November 11, 2013
Purdue receives award to develop DoD child care curriculum
WEST LAFAYETTE, Ind. - Purdue University's Department of Human Development and Family Studies (HDFS) has received a five-year grant to develop a curriculum for child development centers supported by the U.S. Department of Defense.
The defense department operates the largest employer-sponsored child-care system in the world, serving more than 200,000 children worldwide. A Purdue-led team will develop a comprehensive, evidence-based curriculum and related resources designed to enhance children's well-being from infancy through 5 years of age. Douglas R. Powell, a distinguished professor in HDFS, is the project's principal investigator. Shelley MacDermid Wadsworth, a professor in HDFS and director of Purdue's Military Family Research Institute (MFRI), is co-principal investigator. The U.S. Department of Agriculture's Institute of Food and Agriculture made the competitive award to Purdue as part of an overarching partnership focused on supporting service members and their families with the DoD's Office of Military Community & Family Policy.
"This award provides a remarkable opportunity to translate the findings of early childhood research into a large-scale program of best practices in the education and care of young children," Powell said. "The number of high-quality studies of early childhood programs has grown precipitously in recent years. Unfortunately, important discoveries often are not used to improve the outcomes of child care. The Purdue project will build on rigorous research to design a program of high impact on the development of children in military families."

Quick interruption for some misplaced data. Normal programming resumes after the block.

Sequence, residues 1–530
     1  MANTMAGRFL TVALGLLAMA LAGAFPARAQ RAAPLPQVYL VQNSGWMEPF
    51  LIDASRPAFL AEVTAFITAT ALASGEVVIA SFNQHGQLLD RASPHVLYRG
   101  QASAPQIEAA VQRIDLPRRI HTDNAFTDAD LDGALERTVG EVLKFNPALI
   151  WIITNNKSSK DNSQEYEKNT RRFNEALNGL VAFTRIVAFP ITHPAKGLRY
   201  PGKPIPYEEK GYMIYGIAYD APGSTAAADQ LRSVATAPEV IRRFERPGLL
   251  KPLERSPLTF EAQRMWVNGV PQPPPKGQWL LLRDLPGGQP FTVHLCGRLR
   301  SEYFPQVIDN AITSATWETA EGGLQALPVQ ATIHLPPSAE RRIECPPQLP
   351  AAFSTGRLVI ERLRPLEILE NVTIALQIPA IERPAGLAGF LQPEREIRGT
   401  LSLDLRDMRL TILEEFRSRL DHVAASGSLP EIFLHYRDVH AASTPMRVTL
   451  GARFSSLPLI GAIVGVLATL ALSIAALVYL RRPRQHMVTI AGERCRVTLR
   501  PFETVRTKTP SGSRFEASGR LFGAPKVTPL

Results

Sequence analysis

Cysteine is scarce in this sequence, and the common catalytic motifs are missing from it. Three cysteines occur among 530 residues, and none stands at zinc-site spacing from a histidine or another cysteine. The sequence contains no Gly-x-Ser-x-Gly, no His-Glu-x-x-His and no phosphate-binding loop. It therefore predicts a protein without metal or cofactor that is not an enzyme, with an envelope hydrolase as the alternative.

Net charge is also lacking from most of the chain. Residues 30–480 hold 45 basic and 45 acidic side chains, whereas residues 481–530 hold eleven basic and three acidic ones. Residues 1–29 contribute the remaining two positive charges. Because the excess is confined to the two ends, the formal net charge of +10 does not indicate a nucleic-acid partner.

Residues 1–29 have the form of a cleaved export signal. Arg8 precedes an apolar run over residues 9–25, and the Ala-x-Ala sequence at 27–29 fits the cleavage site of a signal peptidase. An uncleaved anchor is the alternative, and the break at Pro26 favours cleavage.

The project team is composed of Purdue faculty with expertise in early childhood, including HDFS associate professor James Elicker, HDFS assistant professor David Purpura and College of Education professor Youli Mantzicopoulos. The team also includes staff from MFRI and the HDFS Cooperative Extension Service, as well as national experts in early childhood programs, national experts in children in military families, and partnerships with the national Cooperative Extension Service's eXtension programs.
"The commitment of the Department of Defense to doing all it can to ensure high-quality care for young children in military families has long been a model for the rest of the nation, and we at MFRI are pleased to contribute to that effort," MacDermid Wadsworth said. "Purdue University's long history and national leadership in early childhood education scholarship made this project a great fit."
A key goal of this effort is to make the curriculum available to civilian child-care programs as well as programs on military installations. "The DoD is taking impressive steps to ensure that young children in military families have access to high quality care no matter where they live," Powell said.
For the past 12 years, Powell's research has examined strategies to improve the school readiness of children enrolled in early childhood programs. Children's literacy and language skills are a major focus of this work, which has been supported by the federal Institute of Education Sciences. MacDermid Wadsworth, who also directs Purdue's Center for Families, is completing a DoD-sponsored study of young children who experience multiple deployments of their military parents. She has led a number of studies of programs for military children and their families.
Writer: Liz Evans, 765-494-2084, email@example.com
Sources: Douglas R. Powell, 765-494-2941, firstname.lastname@example.orgShelley MacDermid Wadsworth, 765-494-6026, email@example.com